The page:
Kentucky’s Economy and Workforce Demands Have Changed, Most High Schools Have Not

In generations past, a sizable percentage of young men and women graduated high school with education and skills sufficient for getting a job and earning a wage adequate for supporting themselves and a family. Truthfully, the jobs they walked into typically didn’t require much skill, at least not upon entry. And many of the skills they would need for the job could be learned relatively quickly on the job. But that reality is no more. Our economy has changed. Many if not most of the jobs high school graduates of generations past walked into with minimal skill levels no longer exist. In fact, both nationally and in Kentucky, there are many more low skill workers looking for jobs than there are low skill jobs for them.

Most conversations about America’s and Kentucky’s over-supply of low skill workers and under-supply of middle skill workers lead to a single conclusion: Because the high school diploma is no longer adequate for preparing workers for high demand, decent wage jobs, all of our students must go on to college to earn a postsecondary credential, preferably a degree of some sort. But even with substantially increasing the percentage of young Kentuckians who go on to successfully earn certifications and degrees in high wage, high demand fields at postsecondary institutions, there will remain a significant minority of Kentucky high school graduates who do not pursue further formal education and training. So in addition to increasing enrollment and success at postsecondary institutions, we must also demand much more of Kentucky’s high schools.

As Kentucky’s economy and workforce demands have changed, most of Kentucky’s high schools have not. But they must.  It’s not that hard to graduate high school in Kentucky today. And while it’s great that Kentucky’s high school graduation rates have increased considerably in recent years, and a lot of hard work has gone into improving that rate, in comparison to many of its neighboring and nearby states, Kentucky’s minimum graduation requirements are not very rigorous.

Kentucky has no minimum testing requirement for graduation. High school students are required to take End-of-course (EOC) examinations in a few subject areas, but those exams have minimal to no impact on students’ course or high school completion. Scores on those examinations tell that story. In the 2014-2015 school yearly, just under 57% of Kentucky high school students scored Proficient or Distinguished on the English II EOC. Those percentages are 38% for Algebra II, 39% for Biology, and 57% for U.S History.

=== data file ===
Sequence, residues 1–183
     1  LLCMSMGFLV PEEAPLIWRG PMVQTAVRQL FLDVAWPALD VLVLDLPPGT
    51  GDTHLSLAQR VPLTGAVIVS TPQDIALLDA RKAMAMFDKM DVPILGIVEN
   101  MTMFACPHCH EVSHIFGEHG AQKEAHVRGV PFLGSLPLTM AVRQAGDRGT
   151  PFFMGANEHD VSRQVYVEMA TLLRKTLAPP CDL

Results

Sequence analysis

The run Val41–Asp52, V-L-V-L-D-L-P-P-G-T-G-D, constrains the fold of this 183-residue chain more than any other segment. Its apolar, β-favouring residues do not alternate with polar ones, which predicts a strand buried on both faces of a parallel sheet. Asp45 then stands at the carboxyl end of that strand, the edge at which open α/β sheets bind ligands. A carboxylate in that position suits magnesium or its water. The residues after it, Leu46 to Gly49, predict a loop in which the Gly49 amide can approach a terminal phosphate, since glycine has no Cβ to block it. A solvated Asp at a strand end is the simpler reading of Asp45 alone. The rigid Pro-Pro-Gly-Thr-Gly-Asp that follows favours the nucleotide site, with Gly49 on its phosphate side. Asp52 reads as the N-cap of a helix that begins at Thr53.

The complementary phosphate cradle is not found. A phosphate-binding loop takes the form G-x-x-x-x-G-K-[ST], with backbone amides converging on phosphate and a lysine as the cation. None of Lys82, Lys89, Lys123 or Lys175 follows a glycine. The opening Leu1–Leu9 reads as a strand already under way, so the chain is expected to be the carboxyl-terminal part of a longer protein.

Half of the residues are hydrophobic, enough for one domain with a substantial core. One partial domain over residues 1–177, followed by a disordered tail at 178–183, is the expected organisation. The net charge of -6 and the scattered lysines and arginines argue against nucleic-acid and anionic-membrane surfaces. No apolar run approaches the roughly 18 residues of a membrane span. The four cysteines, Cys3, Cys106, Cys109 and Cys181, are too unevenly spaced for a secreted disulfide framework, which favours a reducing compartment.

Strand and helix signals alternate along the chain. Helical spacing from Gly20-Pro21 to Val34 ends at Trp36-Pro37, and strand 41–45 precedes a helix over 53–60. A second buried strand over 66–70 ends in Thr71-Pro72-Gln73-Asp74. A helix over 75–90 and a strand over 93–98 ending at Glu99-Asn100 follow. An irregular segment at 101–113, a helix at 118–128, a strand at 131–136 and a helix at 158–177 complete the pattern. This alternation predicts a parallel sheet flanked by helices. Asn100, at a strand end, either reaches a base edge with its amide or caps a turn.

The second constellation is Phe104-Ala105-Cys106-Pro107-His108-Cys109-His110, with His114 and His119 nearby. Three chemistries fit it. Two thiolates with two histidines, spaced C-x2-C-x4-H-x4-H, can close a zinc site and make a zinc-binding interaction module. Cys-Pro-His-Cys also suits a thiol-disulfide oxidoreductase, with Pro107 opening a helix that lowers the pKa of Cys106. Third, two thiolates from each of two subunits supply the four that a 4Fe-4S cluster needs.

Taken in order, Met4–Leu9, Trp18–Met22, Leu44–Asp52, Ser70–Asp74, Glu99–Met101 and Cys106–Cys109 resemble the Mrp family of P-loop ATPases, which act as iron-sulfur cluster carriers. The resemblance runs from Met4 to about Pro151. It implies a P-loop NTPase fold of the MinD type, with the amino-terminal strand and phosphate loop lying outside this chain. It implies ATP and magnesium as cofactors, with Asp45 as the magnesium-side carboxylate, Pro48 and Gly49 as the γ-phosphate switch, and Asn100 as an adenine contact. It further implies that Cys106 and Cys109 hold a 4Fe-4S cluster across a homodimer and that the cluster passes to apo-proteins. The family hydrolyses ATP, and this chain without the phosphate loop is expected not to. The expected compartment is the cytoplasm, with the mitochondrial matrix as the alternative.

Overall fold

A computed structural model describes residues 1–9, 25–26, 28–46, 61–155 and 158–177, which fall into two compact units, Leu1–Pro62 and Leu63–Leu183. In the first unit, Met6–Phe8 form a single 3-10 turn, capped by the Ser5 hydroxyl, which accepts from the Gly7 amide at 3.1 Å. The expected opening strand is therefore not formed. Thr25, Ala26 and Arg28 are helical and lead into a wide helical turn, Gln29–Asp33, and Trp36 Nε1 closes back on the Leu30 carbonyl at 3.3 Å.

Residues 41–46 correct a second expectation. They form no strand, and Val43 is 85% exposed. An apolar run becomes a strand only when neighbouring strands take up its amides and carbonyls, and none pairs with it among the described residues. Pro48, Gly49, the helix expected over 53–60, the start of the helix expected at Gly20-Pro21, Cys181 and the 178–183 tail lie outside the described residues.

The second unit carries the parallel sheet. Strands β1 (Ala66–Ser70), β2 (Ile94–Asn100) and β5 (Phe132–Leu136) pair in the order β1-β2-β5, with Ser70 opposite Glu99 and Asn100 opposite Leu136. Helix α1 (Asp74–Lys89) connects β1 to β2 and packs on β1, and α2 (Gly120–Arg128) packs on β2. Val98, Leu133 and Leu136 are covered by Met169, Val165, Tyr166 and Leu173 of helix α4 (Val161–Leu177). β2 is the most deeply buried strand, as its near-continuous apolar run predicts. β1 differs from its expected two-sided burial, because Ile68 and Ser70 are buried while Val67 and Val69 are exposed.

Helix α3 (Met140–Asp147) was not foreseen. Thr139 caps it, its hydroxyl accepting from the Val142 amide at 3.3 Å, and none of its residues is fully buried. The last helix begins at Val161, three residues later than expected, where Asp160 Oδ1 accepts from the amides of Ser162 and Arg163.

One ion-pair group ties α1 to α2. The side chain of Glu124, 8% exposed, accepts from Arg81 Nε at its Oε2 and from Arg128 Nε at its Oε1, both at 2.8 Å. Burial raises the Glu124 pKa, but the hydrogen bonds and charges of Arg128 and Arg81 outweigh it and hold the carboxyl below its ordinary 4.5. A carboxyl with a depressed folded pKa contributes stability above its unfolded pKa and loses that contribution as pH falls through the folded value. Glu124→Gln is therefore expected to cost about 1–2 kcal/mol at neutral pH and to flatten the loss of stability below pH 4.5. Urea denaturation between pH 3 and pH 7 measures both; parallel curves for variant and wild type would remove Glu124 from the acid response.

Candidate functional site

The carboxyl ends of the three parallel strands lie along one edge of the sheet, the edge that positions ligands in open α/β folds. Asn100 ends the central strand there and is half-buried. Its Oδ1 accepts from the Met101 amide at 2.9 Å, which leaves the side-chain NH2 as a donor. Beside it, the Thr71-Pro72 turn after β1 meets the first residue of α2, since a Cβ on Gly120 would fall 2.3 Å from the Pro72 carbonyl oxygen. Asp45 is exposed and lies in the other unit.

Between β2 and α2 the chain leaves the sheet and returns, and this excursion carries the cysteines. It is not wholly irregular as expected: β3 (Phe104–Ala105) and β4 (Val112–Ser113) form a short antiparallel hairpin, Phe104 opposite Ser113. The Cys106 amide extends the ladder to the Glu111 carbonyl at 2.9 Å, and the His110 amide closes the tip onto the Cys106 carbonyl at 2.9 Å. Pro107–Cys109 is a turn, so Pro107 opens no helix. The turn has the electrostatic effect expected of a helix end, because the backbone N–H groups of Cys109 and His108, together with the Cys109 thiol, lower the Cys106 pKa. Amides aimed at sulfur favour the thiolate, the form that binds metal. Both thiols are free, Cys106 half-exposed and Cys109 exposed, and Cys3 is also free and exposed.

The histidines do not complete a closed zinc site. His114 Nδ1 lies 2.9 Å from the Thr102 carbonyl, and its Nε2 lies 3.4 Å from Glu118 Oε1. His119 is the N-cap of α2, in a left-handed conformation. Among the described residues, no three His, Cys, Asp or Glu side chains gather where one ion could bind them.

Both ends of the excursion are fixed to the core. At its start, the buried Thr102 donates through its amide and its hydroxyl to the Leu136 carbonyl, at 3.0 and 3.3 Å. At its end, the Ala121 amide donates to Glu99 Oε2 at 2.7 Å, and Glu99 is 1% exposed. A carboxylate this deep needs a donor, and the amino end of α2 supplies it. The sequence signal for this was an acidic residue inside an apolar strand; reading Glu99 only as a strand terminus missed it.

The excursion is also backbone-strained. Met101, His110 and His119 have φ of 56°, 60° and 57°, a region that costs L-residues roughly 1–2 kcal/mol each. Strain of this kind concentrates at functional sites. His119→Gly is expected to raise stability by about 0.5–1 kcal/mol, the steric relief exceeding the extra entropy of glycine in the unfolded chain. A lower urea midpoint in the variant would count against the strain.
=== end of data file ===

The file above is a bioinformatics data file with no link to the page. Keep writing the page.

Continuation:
Further, Kentucky is one of the states that has retained a single pathway and set of requirements for high school graduation. With that single pathway for all students regardless of their intended post-high school plans, Kentucky’s minimum requirements are neither academically rigorous enough to prepare students for success at a four-year college, nor rigorous enough in career and technical education to ensure that students graduate with an in-demand certification or skill.

Even with Kentucky’s relatively watered down definition of what it means to be career-ready, in the 2014-2015 school year, only 67% of Kentucky’s high school graduates reached the state’s college and/or career ready benchmark. Here’s what that means:

  • Many of the students in that 67%, even while designated as career ready, had no industry recognized certification or skill that would lead to gainful employment.
  • Even more disturbing, 33% of the students who earned Kentucky high school diplomas didn’t meet the state’s low bar for career readiness. That means Kentucky is granting high school diplomas to students who we acknowledge have little more than a hope and a prayer of landing a job that pays a decent wage. That means Kentucky’s high school diploma is little more than a certificate of completion; and absolutely not a marker of quality academic and/or career preparation. While many Kentucky high school graduates are well prepared for college or a career, such preparation is not an expectation for graduation in Kentucky. That’s unacceptable. Kentucky’s high schools must better prepare students for postsecondary and workforce success, and expect more of its graduates.

Postsecondary training and education are critical to preparing a competitive workforce for Kentucky, but high schools have to do their part as well. High school curriculum, experiences, and expectations must change with the state’s workforce demands. Kentucky’s high schools must change if the Commonwealth is to reach its full economic potential.

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